The link below is to your resident euphonium player doing a (then) new euphonium concerto by Hungarian composer Frigyes Hidas. I just discovered the CD (and a million dust bunnies) in a pile of stuff I had forgotten about.
The name Frigyes Hidas may not be known to everyone, but should be well known to wind ensemble devotees or Hungarians or devotees of Hungarian wind ensemble music or Hungarian devotees of wind ensemble music.
If I was not THE first player to do it in the USA, I was one of the first two or three.
The backing band was a mix of highschool and college kids and the performance was part of a low brass clinic I did in Ohio a few years ago (I have concertized extensively on BOTH sides of I-65)
The piece is well written and interesting, melding several different moods into a coherent one-movement concerto. It's not the typical "theme and variations" piece that brass players used to be forced to do. I find the writing to be quite lyrical and very idiomatic for the euphonium.
I particularly like the way Hidas uses texture when the euph is playing vs. when it isn't--I particularly came to like euph & saxes and euph & vibes. I played this piece several times and NEVER felt like I had to fight the ensemble, even when playing pianissimo. (and even when playing on one rehearsal as this was!)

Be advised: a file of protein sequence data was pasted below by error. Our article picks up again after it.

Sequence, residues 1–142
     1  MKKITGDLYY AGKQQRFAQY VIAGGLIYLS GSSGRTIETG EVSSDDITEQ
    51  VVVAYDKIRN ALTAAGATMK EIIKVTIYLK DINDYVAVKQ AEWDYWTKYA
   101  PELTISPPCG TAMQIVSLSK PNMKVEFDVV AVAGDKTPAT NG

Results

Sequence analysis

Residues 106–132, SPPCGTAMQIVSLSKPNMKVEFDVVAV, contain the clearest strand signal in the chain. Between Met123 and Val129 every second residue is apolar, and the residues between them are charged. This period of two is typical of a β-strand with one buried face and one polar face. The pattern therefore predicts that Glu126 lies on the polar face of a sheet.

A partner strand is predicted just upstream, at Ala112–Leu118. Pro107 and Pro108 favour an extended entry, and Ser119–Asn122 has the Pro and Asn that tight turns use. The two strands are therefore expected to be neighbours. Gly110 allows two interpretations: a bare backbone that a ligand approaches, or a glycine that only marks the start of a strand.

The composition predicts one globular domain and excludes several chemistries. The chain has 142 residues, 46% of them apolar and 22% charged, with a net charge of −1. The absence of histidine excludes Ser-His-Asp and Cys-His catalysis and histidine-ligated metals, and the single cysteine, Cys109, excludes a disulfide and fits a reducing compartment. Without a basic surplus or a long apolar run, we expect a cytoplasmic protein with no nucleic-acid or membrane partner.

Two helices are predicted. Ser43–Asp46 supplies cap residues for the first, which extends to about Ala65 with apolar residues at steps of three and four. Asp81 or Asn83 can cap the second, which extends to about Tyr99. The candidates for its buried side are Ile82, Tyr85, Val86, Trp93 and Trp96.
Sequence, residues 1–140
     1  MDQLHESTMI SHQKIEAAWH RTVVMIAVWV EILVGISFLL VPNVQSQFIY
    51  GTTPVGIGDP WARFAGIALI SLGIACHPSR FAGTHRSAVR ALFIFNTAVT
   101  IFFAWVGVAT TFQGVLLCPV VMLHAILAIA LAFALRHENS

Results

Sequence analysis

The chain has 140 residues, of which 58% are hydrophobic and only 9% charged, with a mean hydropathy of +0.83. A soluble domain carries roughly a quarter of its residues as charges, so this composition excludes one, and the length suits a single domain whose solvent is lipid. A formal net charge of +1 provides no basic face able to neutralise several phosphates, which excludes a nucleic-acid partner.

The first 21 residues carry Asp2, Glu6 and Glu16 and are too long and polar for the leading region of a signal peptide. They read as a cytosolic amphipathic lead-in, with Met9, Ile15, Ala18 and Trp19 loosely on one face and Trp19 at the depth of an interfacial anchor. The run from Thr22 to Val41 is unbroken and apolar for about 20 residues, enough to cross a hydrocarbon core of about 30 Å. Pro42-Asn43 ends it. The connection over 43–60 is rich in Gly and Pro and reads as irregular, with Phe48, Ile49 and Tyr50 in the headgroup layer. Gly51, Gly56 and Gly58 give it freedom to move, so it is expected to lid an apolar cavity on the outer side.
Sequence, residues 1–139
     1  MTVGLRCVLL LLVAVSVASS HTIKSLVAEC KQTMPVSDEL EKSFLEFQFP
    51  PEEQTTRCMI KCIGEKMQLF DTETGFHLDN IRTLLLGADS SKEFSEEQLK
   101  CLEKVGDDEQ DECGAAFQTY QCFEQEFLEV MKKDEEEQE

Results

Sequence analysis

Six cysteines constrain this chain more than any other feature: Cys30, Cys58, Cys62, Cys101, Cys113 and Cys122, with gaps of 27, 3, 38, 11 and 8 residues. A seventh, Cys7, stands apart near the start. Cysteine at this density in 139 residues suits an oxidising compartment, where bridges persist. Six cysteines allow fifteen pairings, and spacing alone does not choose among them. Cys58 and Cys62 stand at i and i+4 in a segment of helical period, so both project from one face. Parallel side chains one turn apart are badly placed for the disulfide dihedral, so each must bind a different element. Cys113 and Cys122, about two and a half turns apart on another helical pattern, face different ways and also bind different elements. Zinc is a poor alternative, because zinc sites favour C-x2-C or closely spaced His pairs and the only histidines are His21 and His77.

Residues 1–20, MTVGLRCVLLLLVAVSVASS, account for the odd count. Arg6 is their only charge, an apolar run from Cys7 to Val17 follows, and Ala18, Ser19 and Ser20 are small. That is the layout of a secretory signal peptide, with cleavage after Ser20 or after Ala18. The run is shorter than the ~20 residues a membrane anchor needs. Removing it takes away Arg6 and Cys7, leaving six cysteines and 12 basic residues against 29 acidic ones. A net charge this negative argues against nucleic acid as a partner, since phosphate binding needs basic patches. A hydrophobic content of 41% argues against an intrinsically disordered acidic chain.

Hidas also uses some non-standard combinations of instruments to good effect...wind ensemble composers would do well to listen to some of the combinations in order to coax more variety out of the wind ensemble
So...for an example of idiomatic writing for euphonium and writing that enhances--but doesn't compete with--a soloist, check this piece out. It's just short of 10 minutes, but it's listener-friendly
I post live performances mainly so that the talented people here can acquaint themselves with the euphonium, in its traditional setting, as well as in different and unfamiliar contexts. It's a little-used and much underappreciated instrument, and my goal is to popularize it by my performances, especially those that put the euphonium in non-traditional roles such as brass quintet and pop/jazz music. If you wish, listen to anything in the "Snorlax's Performances" area that you can click on, as well as the concerto.Snorlax Live in Ohio